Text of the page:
The Last Bottle Out

Lady luck and the bottle gods guide us to where the best-of-the-best stayed hidden for more than 150 years
By: Richard (Rick) Weiner

The Puce Eagle

For more than half of my life, I have dug bottles. I began at the age of 15, being shown the great hobby of dump digging by my grandmother, who took me digging. She owned an antique shop in the Pocono Mountains of Pennsylvania, and was interested in old glass.

I guess I kind of inherited my love of old glass. I dug in dumps for years. Privy digging became my passion about six years ago, and my digging buddy and coworker, Paul Sidel, and I have been seeking out old privies (1840s-1870s, preferably) and have had some wonderful success the last year in particular.

This story is about a special find and what I can only say is a once-in-a-lifetime thrill. I doubt I will ever find another bottle to compare to this one. The bottle gods must have been shining on us that day!

Summer was here, and it was hot, but never too hot to find a good privy and dig. At the first outing, we didn't find anything, which panned out to be a privy pit. We did see an old house, which had a plaque saying 1850 on the front, and thought that it looked like a possibility. It was empty and had a "for sale" sign in the front yard.

We went to the house next door and knocking on the door, we waited, but no one answered. We were just beginning to walk away, and a lady called us back. We explained to her our hobby and how we looked for old bottles from a hundred years ago or more. We waited for her answer and she gave us a "yes" in being able to do some checking and digging in her yard. It turned out that she was a local historian and writer, and knew quite a bit about the area.

We told her we were "privy locators," but never used the word "dig." She laughed.

We did some probing around her yard, but the first few times, we had no success. She told us that the house she lives in used to be one whole house, but in the 1870s, it was split and one side was where she lives presently and the other was apartments for rent. She said she hadn't thought much about it, but when we probed again and again, and came up with nothing, she remember that there had been a 20-foot brick well in the yard which had been filled in. That was when we thought to ourselves that privies were never near a water source, so we had probed for nothing.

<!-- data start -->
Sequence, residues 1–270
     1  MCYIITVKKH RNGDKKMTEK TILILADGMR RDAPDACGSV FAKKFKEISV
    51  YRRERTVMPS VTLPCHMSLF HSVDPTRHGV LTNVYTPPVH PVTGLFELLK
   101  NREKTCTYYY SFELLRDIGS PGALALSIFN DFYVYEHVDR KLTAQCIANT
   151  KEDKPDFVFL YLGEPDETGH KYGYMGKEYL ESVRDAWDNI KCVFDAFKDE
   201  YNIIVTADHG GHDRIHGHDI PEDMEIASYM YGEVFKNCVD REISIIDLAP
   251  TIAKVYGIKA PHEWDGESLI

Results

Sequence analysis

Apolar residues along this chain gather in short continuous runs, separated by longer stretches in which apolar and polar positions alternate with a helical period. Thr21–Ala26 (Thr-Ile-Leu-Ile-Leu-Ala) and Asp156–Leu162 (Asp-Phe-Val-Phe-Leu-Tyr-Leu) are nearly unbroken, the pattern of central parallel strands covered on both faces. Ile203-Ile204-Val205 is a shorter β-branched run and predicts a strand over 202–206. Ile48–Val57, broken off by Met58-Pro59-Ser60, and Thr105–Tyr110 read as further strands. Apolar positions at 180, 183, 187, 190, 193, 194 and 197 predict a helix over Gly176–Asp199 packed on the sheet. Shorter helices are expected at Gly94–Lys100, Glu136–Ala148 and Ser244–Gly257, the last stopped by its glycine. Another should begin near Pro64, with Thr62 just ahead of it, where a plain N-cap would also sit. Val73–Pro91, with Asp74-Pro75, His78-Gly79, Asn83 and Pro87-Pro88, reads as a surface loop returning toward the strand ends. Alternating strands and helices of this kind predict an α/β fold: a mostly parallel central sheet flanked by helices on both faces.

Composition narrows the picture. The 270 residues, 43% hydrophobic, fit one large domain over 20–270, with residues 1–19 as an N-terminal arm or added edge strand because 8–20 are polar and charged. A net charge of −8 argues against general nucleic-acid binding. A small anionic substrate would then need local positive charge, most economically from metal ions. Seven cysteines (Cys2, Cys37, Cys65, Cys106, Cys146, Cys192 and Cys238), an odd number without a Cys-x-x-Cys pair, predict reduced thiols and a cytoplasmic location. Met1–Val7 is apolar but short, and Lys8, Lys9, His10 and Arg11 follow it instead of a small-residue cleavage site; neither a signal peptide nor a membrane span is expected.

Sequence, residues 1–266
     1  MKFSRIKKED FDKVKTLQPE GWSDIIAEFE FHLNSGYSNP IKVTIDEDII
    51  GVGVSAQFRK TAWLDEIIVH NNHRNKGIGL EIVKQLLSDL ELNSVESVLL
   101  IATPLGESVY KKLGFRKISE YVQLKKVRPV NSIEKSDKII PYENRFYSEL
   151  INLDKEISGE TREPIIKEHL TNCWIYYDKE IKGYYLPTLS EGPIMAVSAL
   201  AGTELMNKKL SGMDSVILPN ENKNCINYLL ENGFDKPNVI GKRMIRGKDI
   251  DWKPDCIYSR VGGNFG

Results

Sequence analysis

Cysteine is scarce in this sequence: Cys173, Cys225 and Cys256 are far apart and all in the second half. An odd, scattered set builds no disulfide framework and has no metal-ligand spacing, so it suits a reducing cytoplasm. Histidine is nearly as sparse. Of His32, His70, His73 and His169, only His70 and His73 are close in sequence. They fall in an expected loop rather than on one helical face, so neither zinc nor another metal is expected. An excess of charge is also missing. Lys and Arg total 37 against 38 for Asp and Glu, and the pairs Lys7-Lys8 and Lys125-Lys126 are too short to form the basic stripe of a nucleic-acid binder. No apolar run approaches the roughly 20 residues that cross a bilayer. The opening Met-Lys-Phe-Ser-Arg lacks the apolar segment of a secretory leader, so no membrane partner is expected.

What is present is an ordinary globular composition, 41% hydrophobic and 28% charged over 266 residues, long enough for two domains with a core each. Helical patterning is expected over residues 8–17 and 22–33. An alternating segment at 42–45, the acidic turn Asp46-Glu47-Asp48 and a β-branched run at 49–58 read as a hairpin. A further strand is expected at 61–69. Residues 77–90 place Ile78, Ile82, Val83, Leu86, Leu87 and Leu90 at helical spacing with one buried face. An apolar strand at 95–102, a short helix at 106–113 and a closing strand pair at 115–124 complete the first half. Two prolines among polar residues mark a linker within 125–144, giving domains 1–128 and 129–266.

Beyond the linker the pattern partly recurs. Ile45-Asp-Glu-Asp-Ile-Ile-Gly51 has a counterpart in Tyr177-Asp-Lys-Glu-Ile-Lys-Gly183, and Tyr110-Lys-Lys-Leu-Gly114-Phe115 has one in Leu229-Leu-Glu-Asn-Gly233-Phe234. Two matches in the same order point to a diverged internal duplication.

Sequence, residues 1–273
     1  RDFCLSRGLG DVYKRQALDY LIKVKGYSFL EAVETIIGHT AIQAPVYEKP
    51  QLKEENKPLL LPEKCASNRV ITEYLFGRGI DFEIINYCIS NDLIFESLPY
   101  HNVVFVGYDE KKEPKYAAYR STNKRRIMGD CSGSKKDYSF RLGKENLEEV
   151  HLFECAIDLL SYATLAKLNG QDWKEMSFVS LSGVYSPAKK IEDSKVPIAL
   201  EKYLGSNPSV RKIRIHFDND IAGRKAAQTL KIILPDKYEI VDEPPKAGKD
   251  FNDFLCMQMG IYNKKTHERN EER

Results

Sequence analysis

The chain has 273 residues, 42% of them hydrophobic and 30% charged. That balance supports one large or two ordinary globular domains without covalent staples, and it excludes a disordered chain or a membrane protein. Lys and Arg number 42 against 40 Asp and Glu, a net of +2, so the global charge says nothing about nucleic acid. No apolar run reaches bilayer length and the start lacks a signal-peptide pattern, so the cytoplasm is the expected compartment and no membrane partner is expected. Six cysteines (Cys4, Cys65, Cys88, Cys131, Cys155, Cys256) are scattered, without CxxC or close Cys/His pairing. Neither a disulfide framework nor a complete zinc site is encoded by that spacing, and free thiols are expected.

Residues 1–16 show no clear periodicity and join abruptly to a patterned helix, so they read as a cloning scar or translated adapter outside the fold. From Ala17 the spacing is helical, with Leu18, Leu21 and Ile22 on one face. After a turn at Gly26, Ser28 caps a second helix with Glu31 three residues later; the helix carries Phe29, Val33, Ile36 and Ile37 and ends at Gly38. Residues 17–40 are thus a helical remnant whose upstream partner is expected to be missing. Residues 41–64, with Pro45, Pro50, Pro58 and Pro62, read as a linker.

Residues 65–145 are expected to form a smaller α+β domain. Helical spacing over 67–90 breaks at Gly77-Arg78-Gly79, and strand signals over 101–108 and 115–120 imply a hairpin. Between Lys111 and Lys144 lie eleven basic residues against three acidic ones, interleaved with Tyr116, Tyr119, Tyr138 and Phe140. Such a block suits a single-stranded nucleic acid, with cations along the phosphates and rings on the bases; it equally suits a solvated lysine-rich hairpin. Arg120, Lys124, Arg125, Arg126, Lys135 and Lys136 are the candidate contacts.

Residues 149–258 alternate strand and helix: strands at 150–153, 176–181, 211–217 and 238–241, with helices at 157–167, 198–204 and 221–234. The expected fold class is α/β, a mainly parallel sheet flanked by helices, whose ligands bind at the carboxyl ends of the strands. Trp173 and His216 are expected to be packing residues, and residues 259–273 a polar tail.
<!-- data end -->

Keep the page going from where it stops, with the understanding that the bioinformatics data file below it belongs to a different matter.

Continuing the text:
We didn't want to give up entirely, knowing this was an old house which had been next door because it had been one large house, built in the 1840s, later divided in the 1870s. We now needed permission from the owner whose land the privy was sitting on, but it was about a month later until we could get the OK to begin digging. We told her we would repair the sinking sidewalk for our being able to dig.

In the end, we also unclogged the gutters!

The date of our actual dig was Aug. 4, 2007, a Saturday. We began by first turning over the old Victorian slate sidewalk, which was sinking badly, and probed under it. We hit what seemed to be concrete, but as we dug down to it, it turned out to be old slate slabs, about four feet underneath the original sidewalk. Apparently they were used to cap off the pit. As we dug deeper, we began to find shards of glass, then a wood wall which turned out to be a big square woodliner, of about 7 by 4 by 5-feet deep. It seemed to have been dipped badly, as nothing was whole.

All the shards we had found were from the 1870s period, some even had dates on them. We ended up hitting clay and figured we were done, and this pit had been cleaned out to the max. We probed one more time, and the probe went through the clay cap! It turned out to be a huge clay cap about six feet wide and four feet thick.

What was going on here, I thought?